Channel24’s Herman Eloff sat down with Afrikaans singer Karen Zoid to talk about her new album and how she disrupted her work process to create something new.
Cape Town - The soundtrack to my varsity days is undoubtedly filled with songs from Karen Zoid. Meisie Wat Haar Potlood Kou was constantly on repeat in my red Citi Golf as I drove up and down Potchefstroom’s iconic oak tree lane.
Memories of my youth are stuffed with Karen’s voice singing in the background. She was there in the hot summer days when we were resting under the shade of Lovers Lane and there when we were dancing in Bourbon Street with Gummiberry juice in our hands.
But today – the day after my 33rd birthday - I’m sitting across from Karen in the stylish lounge of the One & Only hotel in Cape Town with its gigantic glass windows looking out over Table Mountain. We’re here to talk about Karen’s brand new Afrikaans album, Op Die Oomblik – Deel Een which has topped the charts on iTunes since its release early last month.
Karen looks cool and collected as she puts her sunglasses atop her head, pushing back her flowing blonde hair. There’s a maturity and confidence surrounding her that’s different from the rebel Zoid I remember from the Afrikaners is Plesierig days. She’s calm and assertive. She’s grown and changed over the years and it’s looking good on her.
In fact growth and change are two major themes that emerge in her latest work and in our short but powerful conversation over a cup of coffee.
On disrupting the process
“The album was a creative exercise to disrupt,” she says.
“To disrupt the work process that I’ve been used to for so long. You get stuck in a rut. I wanted to really disrupt my process. I gave myself a very specific time span to do this in. I set a deadline.
“We locked ourselves in a room for a week and wrote. We weren’t leaving that room until it was done. It’s different if you do it this way. We had good coffee and a decent lunch every day and we worked. We knew what our goal was. The studio was booked before we even had anything to record.
“The songs aren’t unedited, but it’s less curated than usual,” Karen explains.
The new EP consists of six brand new Afrikaans tunes, as well as a bonus track – a live recording of Giant Mistake with Parlotones frontman, Kahn Morbee. This is the first release of three different chapters in Zoid’s songbook.
On her writing
“Writing for me is a desire. It’s difficult to explain. I guess it’s similar to people who are very athletic and get extremely frustrated when they aren’t being active. The same thing happens to me when I can’t write.
“I’m also an extrovert and writing is a way for me to look inward more often. It’s a way for me to connect with myself again. It’s a way to understand myself again. I wanted to allow the creativity to be part of the way this album unfolds. I didn’t want it to be forced. On the internet these days everything is curated from our Facebook posts to our Instagram photos. So I wanted to move away from that. I wanted to experience and feel the work.”
On the internet
“The internet did change everything. It changed systems and forced us to take a new approach to everything we do. It’s almost like when a fire breaks out on Table Mountain. Our first reaction is shock and fear. But every few years there needs to be a fire to ensure regrowth. It’s part of nature. There needs to be destruction in the ecosystem to encourage something new. To sprout new beginnings.
“Yes I use the internet and it has its challenges. But it’s the time we’re living in. We have to embrace it. Just like that fire the internet forced me to adapt in my own career. You have to figure out how you’re going to make it work for yourself. There are many ways to do that.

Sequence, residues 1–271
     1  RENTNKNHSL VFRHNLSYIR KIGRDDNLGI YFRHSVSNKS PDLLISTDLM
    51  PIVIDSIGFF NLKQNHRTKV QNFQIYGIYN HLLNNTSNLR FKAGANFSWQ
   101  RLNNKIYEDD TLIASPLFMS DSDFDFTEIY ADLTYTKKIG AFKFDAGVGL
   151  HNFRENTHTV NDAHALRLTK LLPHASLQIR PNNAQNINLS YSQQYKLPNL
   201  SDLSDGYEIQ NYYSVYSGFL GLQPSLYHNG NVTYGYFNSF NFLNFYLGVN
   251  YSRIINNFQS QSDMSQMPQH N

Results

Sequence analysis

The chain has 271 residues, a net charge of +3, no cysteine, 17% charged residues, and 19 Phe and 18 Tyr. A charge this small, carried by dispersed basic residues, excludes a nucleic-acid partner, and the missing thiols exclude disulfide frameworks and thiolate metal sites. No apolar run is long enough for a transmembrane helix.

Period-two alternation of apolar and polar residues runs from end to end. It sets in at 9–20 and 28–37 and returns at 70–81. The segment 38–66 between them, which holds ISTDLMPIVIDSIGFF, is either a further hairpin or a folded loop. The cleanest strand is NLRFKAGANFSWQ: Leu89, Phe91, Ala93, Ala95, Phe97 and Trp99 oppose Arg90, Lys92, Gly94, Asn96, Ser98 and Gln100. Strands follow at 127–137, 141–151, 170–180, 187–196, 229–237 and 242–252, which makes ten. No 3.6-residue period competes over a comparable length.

“We’re also living in a time when anyone can put anything on the internet. To stand out among the masses you need to put your heart and soul into it. You have to put your very best out there and then people will take notice.”
On capturing moments
“A visual element I really wanted as part of the album was time-lapses. It shows that moments pass by quickly. So be who you are when you are there. Because it’s just a waste if you’re not. So you’ll see a lot of that specifically on the visual album and the short film, which airs on kykNET and Showmax.
“It was also so much fun to make. Going on missions to capture these moments were great. An hour of time is just a few seconds on screen. But it’s beautiful to watch and like a form of meditation actually.
“It also allowed me to change my process. I didn’t have to follow a certain recipe or guideline. I could change things around. I could really go back and embrace the process of creating this album. Creating the work is just as important as the final product. Because what’s the use of doing it if you aren’t getting something from the experience?"
On finding meaning
“I don’t want to escape from my life. I’m happiest when I’m creating something. A life without meaning is nothing. It’s not about money or power. It’s about finding meaning in your life. When you have that you’ll be able to survive anything and push through the worst.
“That is the most important thing for me right now. Hopefully I can share that message through my music and impart that knowledge onto someone else. Or at least onto my own child. Having meaning makes you happy. It’s a beautiful thing and a pity that you only learn it so late in life.
“I’m in a place in my life where I’m extremely happy. At age 39 I’m blessed to say I’m still in the game and making music. I feel like I’m just going to go for it. I want to be like Johnny Clegg. I also want to be 60 and still tour with my music. I still want to be around then. Making things. It feels like I’m only just getting a second breath. I only know now who I really am,” Karen ends our interview.
(Photos: Anelia Loubser)